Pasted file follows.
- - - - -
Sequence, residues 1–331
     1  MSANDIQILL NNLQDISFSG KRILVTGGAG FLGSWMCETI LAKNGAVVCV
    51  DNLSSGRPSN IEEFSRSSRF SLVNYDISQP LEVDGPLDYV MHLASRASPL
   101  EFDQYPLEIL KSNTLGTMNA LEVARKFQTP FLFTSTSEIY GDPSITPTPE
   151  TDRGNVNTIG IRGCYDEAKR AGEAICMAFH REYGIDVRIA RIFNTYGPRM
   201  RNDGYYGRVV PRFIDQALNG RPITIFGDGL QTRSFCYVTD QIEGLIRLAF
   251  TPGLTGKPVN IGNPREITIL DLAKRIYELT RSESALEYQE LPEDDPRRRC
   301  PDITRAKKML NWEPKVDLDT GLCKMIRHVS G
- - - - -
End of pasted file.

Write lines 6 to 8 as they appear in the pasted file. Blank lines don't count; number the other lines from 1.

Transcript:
   201  RNDGYYGRVV PRFIDQALNG RPITIFGDGL QTRSFCYVTD QIEGLIRLAF
   251  TPGLTGKPVN IGNPREITIL DLAKRIYELT RSESALEYQE LPEDDPRRRC
   301  PDITRAKKML NWEPKVDLDT GLCKMIRHVS G